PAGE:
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Political star power fights homelessness

RANCHO BERNARDO — Former Secretary of State Condoleezza Rice spoke to a sold out crowd to benefit North County Solutions for Change and help achieve its goal to solve family homelessness in the region on Oct. 8.
The star-studded event held at Rancho Bernardo Inn raised an astounding $1.3 million, far surpassing the organizers’ goals of $250,000. “An Evening to Remember” was part of the organization’s “Finding Our Way Home” initiative, whose goal is to lead 200 families and their 400 children out of homelessness within three years.
More than 600 families have successfully completed the Solutions program, with several of those families present at the gala.
The organization was founded on the principle that family homelessness can be solved. Executive Director Chris Megison, who founded the organization in 1999 with his wife Tammy, said the families that enter the organization’s “university” are given the tools to succeed in life rather than a temporary fix.  
In that time, the organization has saved taxpayers more than $28 million by helping families permanently solve their homelessness.
“There is a difference between containing homelessness and solving it,” he said. While seasonal shelters are valuable, they don’t get to the root problems that lead to homelessness, Megison said.
Over a decade ago when Megison was a Marine, he was on the losing end of a bet with a consequence of service at a local soup kitchen.
“It changed my life,” he said. “I met a little girl named Jessica and she asked me if I lived in the shelter,” Megison recalls. “I got done on one knee and told her that I didn’t and that I was going to do everything I could to make sure she had a house, too.”
In fact, Megison and his wife made good on the promise and the child who transformed his life’s work and purpose is now in college.
“No child should have to live with the uncertainty of not knowing where they are going to go next,” he said.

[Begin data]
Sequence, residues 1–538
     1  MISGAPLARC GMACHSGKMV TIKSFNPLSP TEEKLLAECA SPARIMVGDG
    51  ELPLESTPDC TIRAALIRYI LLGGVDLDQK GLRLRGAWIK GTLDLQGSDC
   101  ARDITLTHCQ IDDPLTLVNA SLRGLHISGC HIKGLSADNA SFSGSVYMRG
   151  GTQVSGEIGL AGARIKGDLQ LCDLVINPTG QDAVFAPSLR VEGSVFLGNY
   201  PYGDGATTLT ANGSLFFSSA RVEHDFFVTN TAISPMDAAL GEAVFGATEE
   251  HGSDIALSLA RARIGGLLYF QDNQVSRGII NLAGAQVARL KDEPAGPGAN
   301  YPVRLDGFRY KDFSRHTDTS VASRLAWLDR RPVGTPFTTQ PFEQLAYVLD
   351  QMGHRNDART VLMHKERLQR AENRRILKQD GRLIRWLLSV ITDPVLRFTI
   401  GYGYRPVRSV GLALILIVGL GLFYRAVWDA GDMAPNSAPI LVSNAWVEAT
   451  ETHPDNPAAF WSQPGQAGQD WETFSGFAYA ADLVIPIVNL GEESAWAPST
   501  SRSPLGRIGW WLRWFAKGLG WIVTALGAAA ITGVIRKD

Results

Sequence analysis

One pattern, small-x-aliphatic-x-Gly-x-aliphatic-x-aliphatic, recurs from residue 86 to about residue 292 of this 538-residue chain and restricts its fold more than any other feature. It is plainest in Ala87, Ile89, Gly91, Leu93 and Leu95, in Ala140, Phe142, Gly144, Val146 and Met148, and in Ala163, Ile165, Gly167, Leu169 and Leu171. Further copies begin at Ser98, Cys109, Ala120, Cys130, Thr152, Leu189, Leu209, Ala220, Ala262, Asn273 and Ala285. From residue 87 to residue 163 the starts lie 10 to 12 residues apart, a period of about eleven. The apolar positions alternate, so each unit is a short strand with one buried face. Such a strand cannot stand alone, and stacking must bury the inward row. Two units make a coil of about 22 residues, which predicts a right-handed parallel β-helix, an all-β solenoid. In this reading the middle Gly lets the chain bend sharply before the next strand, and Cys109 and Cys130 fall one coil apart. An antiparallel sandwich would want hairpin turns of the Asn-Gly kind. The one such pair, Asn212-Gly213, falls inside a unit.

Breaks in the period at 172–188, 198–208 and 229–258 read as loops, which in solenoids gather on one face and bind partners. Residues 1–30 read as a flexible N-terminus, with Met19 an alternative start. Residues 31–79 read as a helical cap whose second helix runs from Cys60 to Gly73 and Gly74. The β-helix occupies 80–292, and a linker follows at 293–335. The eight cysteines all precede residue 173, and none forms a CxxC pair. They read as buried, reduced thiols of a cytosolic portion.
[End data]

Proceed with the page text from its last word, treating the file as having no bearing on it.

Dr. Rice captivated an audience of 600 diverse supporters and community members with her inspirational words on the past, present and future of America. She spoke to the need for the community to support those who are weak — including the homeless, those stricken by poverty and oppressed women.
One of the program’s graduates was in attendance at the gala. Liliana, 40, who prefers not to use her last name, is the mother of three boys ranging in age from 13 to 18. In 2006, she was evicted again from her apartment.
“I had hit rock bottom, I was using drugs for 22 years and finally my family stepped in and took my kids,” she said. Her husband had also left her because of her “lies and manipulation.”
In a twist of fate, Liliana was given the number to Solutions by a welfare investigator who suspected she was attempting to defraud the government by accessing services for her children who did not live with her.
“He encouraged me to get my life in order,” she said. “I had never even met this person and he helped save me.”
Liliana entered a drug rehab program while her husband and three children began the intense journey to self-sufficiency at Solutions. She eventually joined her family. Watching her children line up at a homeless shelter was a motivator to stay clean and stick with the program.
“It gave me the drive to do whatever it took to get my family out of the situation,” she said.
After nine months in transitional housing, she and her husband graduated from the program. Megison has bought dozens of affordable housing units in North County so residents can move into the community. They are required to have a job and savings of $2,000 before they can graduate into one of these homes or apartments.
The program doesn’t end after the move. In fact, the last 500 days are critical, as participants learn to live independently with the discipline, structure and support of the Solutions program.
Liliana has worked for the organization for the past four years.
“Mind you I’ve never had a job in my life,” she said. “But these people trusted me and gave me a second chance.”
Her family’s success is one of many stories that Megison wants to replicate by raising $20 million in three years in order to purchase more affordable housing.
“We started this last year and raised $10 million,” he said. “It’s a public, private partnership with a lot of people and entities supporting an end to homelessness.”
“This place helped me find my way home. It allowed me to be the woman I’ve always wanted to be,” Liliana said. “No matter what life throws at me I’ve gained the skills to deal with it.”
For more information, visit or call (760) 941-6545.

1 comment

Peter Dow October 14, 2011 at 7:43 am

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